mischarging and timecard fraud for the time spent covering these activities.

      Reply
      1. Natalie

        Although if OP has a nonsensical HR, they’re already at risk should anything come to light in another way. Bringing it up pro-actively at least allows OP to avoid the impression that they’re just covering their ass.

        Reply
  44. AdAgencyChick

    Count me in the “go to HR if it exists, AND if you trust them to protect you.” My cynicism is based on a previous company I worked for that took care of higher-ups who were notorious sexual harassers. Don’t ask me how one gets away with it in this day and age — I suppose that HR department just counted on the accusers being so discouraged by the length of time needed to pursue complaints through the legal system that they’d look for another job. Sadly, it worked.

    If there is no HR or you don’t trust them to lay down the law with your boss AND be watching him like a hawk to see whether he retaliates, I’d look for another job, and out him to his wife if you choose after you’ve found one.

    Reply
  45. Anomyous

    I have never cheated on my wife. However, she has told me more than once that she did not care if I “ran around” as long as she never found out. So, it is entirely possible that his behavior is perfectly within the arrangement he and his wife have. That alone is reason enough not to tell her.

    As for the expense stuff, it sounds like most of what you are being asked to do is not out-of-bounds for what an administrative assistant might be asked to do. Even the strip club thing is not all that out-of-bounds for some industries. I know of one industry where salespeople (including women) regularly take buyers and potential buyers to strip clubs and pay for it.

    It also sounds like the company is happy with his performance. Perhaps he brings in big accounts. All of the extra “activities” have to be cutting into his time and yet the company continues to keep him so they see more positives in him than negatives.

    My advice: continue to do what your boss tells you to do unless you feel like it is uncritical or against corporate rules, keep your mouth shut, look for another job if all this bothers you too much, and keep your head high because you are doing nothing wrong.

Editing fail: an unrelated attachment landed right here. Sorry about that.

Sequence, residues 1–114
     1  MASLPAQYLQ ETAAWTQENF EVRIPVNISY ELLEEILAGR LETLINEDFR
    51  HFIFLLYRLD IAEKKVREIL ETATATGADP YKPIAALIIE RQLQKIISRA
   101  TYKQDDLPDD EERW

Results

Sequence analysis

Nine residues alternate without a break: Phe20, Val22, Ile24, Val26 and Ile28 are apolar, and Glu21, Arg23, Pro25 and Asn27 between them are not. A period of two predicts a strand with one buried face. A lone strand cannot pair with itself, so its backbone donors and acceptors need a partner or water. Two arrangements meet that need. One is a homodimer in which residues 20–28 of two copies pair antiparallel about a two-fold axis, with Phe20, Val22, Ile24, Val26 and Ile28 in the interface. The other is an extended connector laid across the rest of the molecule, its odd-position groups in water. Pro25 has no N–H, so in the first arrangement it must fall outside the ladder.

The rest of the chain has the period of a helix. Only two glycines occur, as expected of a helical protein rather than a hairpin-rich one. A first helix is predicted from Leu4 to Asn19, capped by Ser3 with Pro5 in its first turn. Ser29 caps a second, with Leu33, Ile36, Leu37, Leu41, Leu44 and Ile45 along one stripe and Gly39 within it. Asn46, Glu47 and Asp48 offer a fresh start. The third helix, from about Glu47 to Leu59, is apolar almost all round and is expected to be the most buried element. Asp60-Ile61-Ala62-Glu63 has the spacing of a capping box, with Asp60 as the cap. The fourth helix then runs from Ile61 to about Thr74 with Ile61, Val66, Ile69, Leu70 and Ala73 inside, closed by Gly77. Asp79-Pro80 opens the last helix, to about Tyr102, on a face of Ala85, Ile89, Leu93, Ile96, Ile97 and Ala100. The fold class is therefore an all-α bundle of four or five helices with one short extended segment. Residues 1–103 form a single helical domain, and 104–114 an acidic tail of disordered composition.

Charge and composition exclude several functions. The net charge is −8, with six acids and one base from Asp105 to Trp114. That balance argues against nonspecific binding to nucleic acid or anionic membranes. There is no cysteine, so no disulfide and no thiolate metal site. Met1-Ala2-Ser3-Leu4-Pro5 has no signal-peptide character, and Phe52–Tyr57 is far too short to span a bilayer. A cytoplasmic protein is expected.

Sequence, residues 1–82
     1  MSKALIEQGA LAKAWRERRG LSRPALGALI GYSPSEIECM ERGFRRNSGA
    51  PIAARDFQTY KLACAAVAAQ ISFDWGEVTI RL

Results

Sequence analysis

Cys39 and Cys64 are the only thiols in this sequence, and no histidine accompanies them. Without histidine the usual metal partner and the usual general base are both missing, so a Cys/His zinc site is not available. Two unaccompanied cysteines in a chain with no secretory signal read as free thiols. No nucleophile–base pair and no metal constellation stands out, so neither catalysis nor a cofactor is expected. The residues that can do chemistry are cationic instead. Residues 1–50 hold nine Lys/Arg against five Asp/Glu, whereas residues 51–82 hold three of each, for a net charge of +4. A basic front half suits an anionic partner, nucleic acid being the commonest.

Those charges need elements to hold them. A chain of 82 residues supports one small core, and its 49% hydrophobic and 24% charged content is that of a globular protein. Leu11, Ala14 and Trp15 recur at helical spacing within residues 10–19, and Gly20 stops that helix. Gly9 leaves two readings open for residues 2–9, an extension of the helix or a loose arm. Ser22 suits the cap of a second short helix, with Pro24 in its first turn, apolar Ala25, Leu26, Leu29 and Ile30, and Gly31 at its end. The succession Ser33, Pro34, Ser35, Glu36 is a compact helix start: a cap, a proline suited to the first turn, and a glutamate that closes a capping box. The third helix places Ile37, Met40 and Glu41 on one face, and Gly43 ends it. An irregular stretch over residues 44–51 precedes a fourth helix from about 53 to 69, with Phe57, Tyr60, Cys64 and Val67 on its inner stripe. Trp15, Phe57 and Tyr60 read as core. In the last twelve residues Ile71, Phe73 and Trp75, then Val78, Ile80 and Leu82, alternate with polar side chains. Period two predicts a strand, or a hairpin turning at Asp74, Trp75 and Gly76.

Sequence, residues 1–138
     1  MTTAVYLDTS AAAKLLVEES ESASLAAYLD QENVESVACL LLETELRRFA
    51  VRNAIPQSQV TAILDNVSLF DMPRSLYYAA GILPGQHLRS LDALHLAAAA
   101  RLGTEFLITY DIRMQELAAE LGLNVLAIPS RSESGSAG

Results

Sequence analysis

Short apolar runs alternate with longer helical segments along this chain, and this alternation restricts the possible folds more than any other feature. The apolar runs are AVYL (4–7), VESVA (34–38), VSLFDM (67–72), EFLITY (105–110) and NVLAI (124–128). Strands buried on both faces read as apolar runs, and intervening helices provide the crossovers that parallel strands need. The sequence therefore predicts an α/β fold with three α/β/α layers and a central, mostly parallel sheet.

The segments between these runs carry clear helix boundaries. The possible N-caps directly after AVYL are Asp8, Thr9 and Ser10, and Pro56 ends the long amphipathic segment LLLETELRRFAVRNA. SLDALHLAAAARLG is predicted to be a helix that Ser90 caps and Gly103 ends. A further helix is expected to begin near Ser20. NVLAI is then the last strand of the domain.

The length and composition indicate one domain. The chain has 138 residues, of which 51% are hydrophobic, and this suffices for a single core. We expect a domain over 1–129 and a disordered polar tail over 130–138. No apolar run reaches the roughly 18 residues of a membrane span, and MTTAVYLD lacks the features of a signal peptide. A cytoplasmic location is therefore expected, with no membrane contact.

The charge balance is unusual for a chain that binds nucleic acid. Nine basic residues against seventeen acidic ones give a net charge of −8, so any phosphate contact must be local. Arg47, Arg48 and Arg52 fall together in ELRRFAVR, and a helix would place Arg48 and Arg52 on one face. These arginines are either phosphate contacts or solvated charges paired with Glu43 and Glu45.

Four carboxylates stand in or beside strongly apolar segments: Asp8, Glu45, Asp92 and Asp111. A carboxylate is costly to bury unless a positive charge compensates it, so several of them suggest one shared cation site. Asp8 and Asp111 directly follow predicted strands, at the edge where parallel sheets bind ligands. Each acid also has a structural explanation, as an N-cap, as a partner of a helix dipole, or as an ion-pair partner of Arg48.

Reply
    1. Karanda Baywood

      It’s already blasted through all corporate norms. And yes, she’s doing something wrong in that she’s covering up for his financial finagling.

      Reply
  46. Grits McGee

    OP, it might be useful to think out the courses of action available and potential consequences to help you make a decision. For instance, if you told the wife and she was glad to know, and then you were fired, would it be worth it? Or, if you told the wife and she refuses to believe you/didn’t want to know, and then you get fired, would it be worth it then? Or, if you don’t tell the wife, she finds out and is devastated she didn’t know sooner, but you keep your job, would that be worth it? Ultimately, your boss’s reaction, his wife’s reaction, HR’s reaction, the mistress’ reactions, are all out of your hands- what are the consequences that you can live with?

    Reply
  47. Merida May

    OP, I’d consider getting out of this situation entirely. For your boss, lying and manipulation are essential components for him to function on a daily basis, and as long as you work for him you’re probably going to be placed in uncomfortable situations to facilitate this. Honestly, the fact that his dirty laundry hasn’t been aired yet is dumb luck, as he seems to be doing just about everything in his power to get caught. Bringing his girlfriends into the office? Involving his direct report in booking hotel rooms/covering up his tracks? Accidentally using his company credit card at a massage parlor? Fathering a baby with one of his mistresses?! If he uses the free space he’s already filled up a row on his sleaze bag bingo card. I understand the feeling that you have a duty to tell his wife, but your boss is such a mess I’d be concerned about retaliation and what that might look like coming from him.